The Boston Globe from Boston, Massachusetts on April 16, 1990 · 7
Get access to this page with a Free Trial

A Publisher Extra Newspaper

The Boston Globe from Boston, Massachusetts · 7

Publication:
Location:
Boston, Massachusetts
Issue Date:
Monday, April 16, 1990
Page:
7
Start Free Trial
Cancel

qjjiiiqyNttHaqpttliviMqpi THE BOSTON GLOBE MONDAY, APRIL 16, 1990 JD. congressman bucks pork barrel on missiles .H DORGAN Continued from Page 1 c uation in Russia and Eastern Eu- rope" made it easier to follow Dor- Gran's lead in buckiner the military. jobs and pumping in $500 million a year. But the congressman shocked his constituents and colleagues last month by declaring from the House floor that the MX project is "a waste. It will add nothing to this country's defense. Well end up spending billions of dollars that we don't have on a system that we don't need, and I just cannot support it. "Individually and collectively, we have to start standing up and exposing the truth of what we're doing, even when it might be uncomfortable." Washington political observers said the 47-year-old lawmaker's action reflects a new sentiment among voters. "People want someone to take a stand," said Democratic pollster Peter Hart. "And the changing world certainly helps. Ten years ago Dorgan couldn't have done what he did." William Schneider, of the conservative American Enterprise Institute, agreed: "Congressmen and senators can get away with voting for cuts in military spending that adversely affect their district under the current mood in the country," he said. But that would not be the case, warned Schneider, "if that congressman tries to cut a hospital or a road." Dorgan is not the first member of Congress in recent years to oppose a military project that could have been a boon to his district. Others battle MX Sens. Donald Riegle and Carl Levin of Michigan, and Dale Bumpers and David Pryor of Arkansas, battled the MX even though their states were selected for railroad-based missiles. Similarly, Sens. Alan Cranston of California and Brock Adams of Washington opposed the Bl bomber although their states earn billions of dollars from it. In Massachusetts, Rep. Chester Atkins' doubts about the "star wars" missile program outweighed his concern for protecting 5,000 jobs related to the space-based missile program, at Lincoln Laboratories, which is in his district But Dorgan's decision was particularly difficult Unlike others who have said no to military spending for their districts, he is not a dyed-in- selves on being able to withstand rugged winters and isolated life on the plains, voters are less likely to punish a politician for a single stand if they like and respect him. Officials at the Grand Forks Air Force Base said Dorgan chose the wrong issue to make his point, and Chamber of Commerce President Robert Gustafson said, "We're a little disappointed. Should Congress decide to fund the rail garrison, we think Grand Forks still is the best place to put it." Most community leaders, however, have applauded Dorgan's position. "No matter which side of the missile issue they're on, people have got to respect him," said Thomas Clifford, president of the University of North Dakota, whose main campus is in Grand Forks. "Taking such a risk is rare among people who are representing us today." Even Richard Wold, chairman of North Dakota's First National Bank and a longtime MX supporter, conceded that Dorgan has provided a standard for Congress on "its stewardship responsibilities over our tax dollars." the-wool liberal. And rather than opposing a new missile system, he was turning down an addition to an existing one in a region that already houses nuclear weapons. It also is tougher for House members to take controversial stands because they face the voters every two years. Another reason Dorgan's House speech has generated national attention is its timing: It suggested a way out of the stalemate between congressional Democrats, who insist on deeper defense cuts but balk at closing bases in their district and the Bush administration, which says such hypocrisy makes it impossible to reduce defense expenditures further. "I decided I just was not going to be part of that cycle anymore," the North Dakota Democrat said in an interview. "You'd support something in a colleague's district and they'd support something in yours. Pretty soon you're involved in a network of support for things that shouldn't be done in anyone's district." Dorgan, the only House member from this sparsely populated state, also was frustrated that the White House "has failed to respond to the most breathtaking changes worldwide in my lifetime, where the Warsaw Pact has evaporated overnight." And he said shifting money from defense is the only way the deficit-riddled federal government can provide "eyeglasses for a poor elderly person . . . food for a hungry child or a decent farm price for a family farmer." "All of us in public life, especially personified by George Bush, are far too unwilling to take some risks, to stand up and attempt to provide some leadership," Dorgan added. "We have to start thinking a little differently about things." A popular politician Dorgan's special circumstances helped him buck the political tide. He is exceedingly popular, winning his first race with 57 percent of the vote, never getting below 71 percent in four subsequent campaigns, and attracting more votes than any officeholder in North Dakota history in 1984. And in a state where people can still call the governor on the telephone and where they pride them said Mayor Michael Polovitz, who had been a strong booster of the mo-bile missile. More important, he added, " "when a leader of Dorgan's charac-; ter and beliefs says we shouldn't 2f support funding for missiles it gives you confidence to rethink your posi-tion. I really feel politicians have to "''''start saying what we believe and not Jx looking only at the pork barrel." J. ' Dorgan's conundrum began late "last year when the Pentagon picked the Grand Forks Air Force Base as one of seven sites where it hopes to r make MX missiles harder to find and jf? destroy by loading them on railroad c ; cars. 3f The Chamber of Commerce and -lJ 'nearly everyone else in Grand Forks ''assumed Dorgan was behind the '1 project After all, he had supported the MX research program and, as a J'? former state tax commissioner, he knew how the Air Force had helped f this city of 48,000 by providing 1,600 Planned Parenthood medical head quits over amendment Massachusetts voters who support keeping abortion legal. "If the right-to-lifers are at all smart they will focus right in on the 39-week-old fetus," he said. The language in the proposed amendment was agreed to last September by a "Coalition for Choice," which included Planned Parenthood, the League of Women Voters, the Civil Liberties Union and the National Organization for Women. Coalition members initially filed seven different versions of the amendment last summer, some with more liberal language, some more restrictive, but settled on the current version after extensive polling to test public support for each proposal. Although the amendment will not be on the ballot this November, it D ABORTION Continued from Page 1 - At issue is a clause in the proposed amendment allowing a woman to abort her fetus "at any time in cases of rape or incest or to protect the life and health of the mother." Under the proposed amendment all other abortions are limited to 24 weeks of pregnancy. The language could be before the voters for ratification by 1992. i "I'm against this referendum as it legalizes abortion up to delivery," Goldstein said in a telephone interview. "I cannot think of a single reason for aborting a healthy baby." : Goldstein, who is a longtime abortion-rights advocate, said he fears antiabortion forces will use the few rare cases of rape and incest to drive a wedge into the majority of will almost certainly become a key question for voters gauging the abortion-rights sympathies of the gubernatorial candidates. Last summer, Democratic candidates Lt Gov. Evelyn Murphy and Francis X Bellotti were locked in a bitter feud over whose abortion policy was more responsible. Although Murphy said she preferred no time restrictions on abortion rights, and Bellotti had called third-trimester abortions "extreme," both agreed to support the coalition's language in the proposed amendment Republican candidate William Weld appeared at a coalition press conference to sign his name to the petition supporting the amendment Boston University president John Silber, a Democratic candidate, has said he would prefer legislating abortion rights instead of tinkering l 1 UJ nrn Li with the constitution, but his spokeswoman, Michal Regunberg, said Silber supports the wording in the amendment Rep. John Flood (D-Canton) and Rep. Steven Pierce (R-Westfield), meanwhile, oppose abortion in most cases. Goldstein said other members of the state's medical community, including members of Planned Parent-hood's board of directors, share his opinion that the proposed amendment goes too far. But Dr. James Koch, a Brookline physician and Planned Parenthood board member, said his "small question" about the language did not deter him from supporting the amendment. "I would perhaps be happier if there were less latitude beyond 24 weeks," he said, "with better spelling 1 O FLIGHTS ON THE rcrrrr out of the circumstances under which a termination could take place after that time." But Koch said the medical profession was responsible enough not to abuse the latitude all-lowed for the rape, incest and health. . exceptions. And, Koch added, the Planned Parenthood board voted unanimously to support the language when it was presented last year. Susan Newsom, Planned Parent-hood's associate director, said the number of abortions performed after the 24th week, or second trimester, of pregnancy is "tiny." According to the State Department of Public Health, there were nine late trimester abortions of the 38,200 abortions performed in 1986, the last year for which figures are available. "Everybody's got their own am 12 HOUR BETWEEN BOSTON. NEW yi n i m bivalence," Newsom said. "Abortion is such a personal thing that people set personal criteria. The one thing we're united on is it should be a woman's decision and not the gov--ernment's." Like Murphy, the state chapter of the National Organization for Women supports more liberal language, but many local NOW chapters helped collect the 50,250 signatures needed to advance the amendment to the ballot The next step comes in May or June, when the amendment must receive the votes of 25 percent of the legislators meeting in a constitution-,al convention. Supporters of the amendment fear Senate President William Bulger (D-South Boston), who opposes abortion, will block the amendment from coming to a floor vote. YORK AND WASHINGTON. FT 4 OUT OF 5 RATE PAN AM SHUTTLE SUPERIOR. Just in, powerful numbers from a new customer survey. Frequent fliers of both shuttles were asked which they preferred. Among those who had a preference, 4 out of 5 rated The Corporate Jet superior in overall performance. l.nli llHli.llll l.lllllll I i ft CO 0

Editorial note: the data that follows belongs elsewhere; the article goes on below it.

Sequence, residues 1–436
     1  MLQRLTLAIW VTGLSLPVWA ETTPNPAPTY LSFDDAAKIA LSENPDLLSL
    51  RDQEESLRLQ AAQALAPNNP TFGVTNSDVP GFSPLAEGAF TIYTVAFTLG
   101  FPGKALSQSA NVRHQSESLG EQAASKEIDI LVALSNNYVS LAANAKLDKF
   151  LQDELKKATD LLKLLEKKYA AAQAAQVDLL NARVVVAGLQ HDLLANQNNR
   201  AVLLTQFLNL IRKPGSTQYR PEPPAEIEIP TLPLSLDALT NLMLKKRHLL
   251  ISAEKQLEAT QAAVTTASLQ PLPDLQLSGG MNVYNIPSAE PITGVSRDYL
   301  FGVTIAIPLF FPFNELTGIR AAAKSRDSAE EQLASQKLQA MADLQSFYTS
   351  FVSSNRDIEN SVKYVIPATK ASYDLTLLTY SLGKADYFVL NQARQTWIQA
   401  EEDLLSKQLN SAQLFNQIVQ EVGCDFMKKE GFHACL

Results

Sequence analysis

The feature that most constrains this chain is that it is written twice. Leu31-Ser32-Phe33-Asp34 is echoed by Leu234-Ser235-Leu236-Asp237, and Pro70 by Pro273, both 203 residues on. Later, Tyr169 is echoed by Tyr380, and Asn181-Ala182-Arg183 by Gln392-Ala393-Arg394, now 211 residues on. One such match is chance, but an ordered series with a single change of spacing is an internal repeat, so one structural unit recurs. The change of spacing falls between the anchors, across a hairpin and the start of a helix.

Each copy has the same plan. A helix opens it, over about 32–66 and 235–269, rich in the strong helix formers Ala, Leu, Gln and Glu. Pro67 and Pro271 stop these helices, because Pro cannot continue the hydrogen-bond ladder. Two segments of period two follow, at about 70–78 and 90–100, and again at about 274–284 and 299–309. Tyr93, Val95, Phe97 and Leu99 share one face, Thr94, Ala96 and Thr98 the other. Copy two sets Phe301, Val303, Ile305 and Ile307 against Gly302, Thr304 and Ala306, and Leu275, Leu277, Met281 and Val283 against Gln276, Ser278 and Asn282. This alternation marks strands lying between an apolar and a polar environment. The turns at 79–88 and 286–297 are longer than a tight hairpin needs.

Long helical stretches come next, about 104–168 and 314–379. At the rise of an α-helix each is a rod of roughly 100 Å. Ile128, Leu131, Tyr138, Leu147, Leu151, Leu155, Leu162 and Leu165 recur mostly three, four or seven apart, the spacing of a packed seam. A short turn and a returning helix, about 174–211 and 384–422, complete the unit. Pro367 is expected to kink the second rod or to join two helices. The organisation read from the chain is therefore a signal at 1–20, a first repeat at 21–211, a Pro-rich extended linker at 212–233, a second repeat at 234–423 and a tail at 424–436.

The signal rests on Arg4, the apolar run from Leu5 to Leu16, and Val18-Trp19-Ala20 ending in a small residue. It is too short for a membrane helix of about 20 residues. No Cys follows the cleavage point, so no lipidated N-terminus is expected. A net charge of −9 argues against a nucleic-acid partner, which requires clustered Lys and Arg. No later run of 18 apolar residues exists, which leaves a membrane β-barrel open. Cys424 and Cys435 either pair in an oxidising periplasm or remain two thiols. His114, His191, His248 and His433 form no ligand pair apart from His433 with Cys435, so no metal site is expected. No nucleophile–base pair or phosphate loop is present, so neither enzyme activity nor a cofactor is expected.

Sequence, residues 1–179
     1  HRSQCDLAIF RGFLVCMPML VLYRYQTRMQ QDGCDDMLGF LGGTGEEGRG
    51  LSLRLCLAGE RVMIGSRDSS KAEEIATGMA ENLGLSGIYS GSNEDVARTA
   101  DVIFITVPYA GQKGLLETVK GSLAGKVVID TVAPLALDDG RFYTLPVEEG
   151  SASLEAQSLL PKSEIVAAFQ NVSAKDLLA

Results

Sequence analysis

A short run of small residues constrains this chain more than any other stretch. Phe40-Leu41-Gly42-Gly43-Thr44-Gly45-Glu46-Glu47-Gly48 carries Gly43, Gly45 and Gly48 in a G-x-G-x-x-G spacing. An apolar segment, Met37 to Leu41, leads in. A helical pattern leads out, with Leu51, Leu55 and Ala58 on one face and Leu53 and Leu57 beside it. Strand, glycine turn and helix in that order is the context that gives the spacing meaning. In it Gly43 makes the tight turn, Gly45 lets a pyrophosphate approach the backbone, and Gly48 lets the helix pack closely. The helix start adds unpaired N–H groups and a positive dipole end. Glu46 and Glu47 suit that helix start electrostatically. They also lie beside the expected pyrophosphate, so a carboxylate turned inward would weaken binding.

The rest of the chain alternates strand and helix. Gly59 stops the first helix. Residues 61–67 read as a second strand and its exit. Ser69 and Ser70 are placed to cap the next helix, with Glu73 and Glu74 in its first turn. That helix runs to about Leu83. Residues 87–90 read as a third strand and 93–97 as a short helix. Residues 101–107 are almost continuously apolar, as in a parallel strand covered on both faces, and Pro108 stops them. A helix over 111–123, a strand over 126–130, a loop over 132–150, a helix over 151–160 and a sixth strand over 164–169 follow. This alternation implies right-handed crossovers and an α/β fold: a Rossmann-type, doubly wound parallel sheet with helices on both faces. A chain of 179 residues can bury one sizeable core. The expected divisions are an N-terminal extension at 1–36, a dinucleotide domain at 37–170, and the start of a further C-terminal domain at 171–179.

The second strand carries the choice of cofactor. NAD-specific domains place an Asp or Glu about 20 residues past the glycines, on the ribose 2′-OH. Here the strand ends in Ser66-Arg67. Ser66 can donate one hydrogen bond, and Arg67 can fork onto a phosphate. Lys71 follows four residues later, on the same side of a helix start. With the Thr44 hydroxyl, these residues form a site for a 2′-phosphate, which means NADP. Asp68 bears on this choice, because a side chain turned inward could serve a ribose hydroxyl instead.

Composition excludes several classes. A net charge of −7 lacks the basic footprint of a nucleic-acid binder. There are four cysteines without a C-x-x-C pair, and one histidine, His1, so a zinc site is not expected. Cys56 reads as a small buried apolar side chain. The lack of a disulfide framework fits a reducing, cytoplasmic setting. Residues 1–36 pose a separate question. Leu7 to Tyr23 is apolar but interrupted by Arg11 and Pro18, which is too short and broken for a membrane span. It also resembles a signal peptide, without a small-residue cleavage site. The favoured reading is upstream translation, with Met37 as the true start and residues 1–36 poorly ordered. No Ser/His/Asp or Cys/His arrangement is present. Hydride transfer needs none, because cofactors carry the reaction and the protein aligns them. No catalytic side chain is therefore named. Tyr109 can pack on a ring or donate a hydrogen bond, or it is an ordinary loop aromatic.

Get access to Newspapers.com

  • The largest online newspaper archive
  • 11,500+ newspapers from the 1700s–2000s
  • Millions of additional pages added every month

Publisher Extra Newspapers

  • Exclusive licensed content from premium publishers like the The Boston Globe
  • Archives through last month
  • Continually updated

Try it free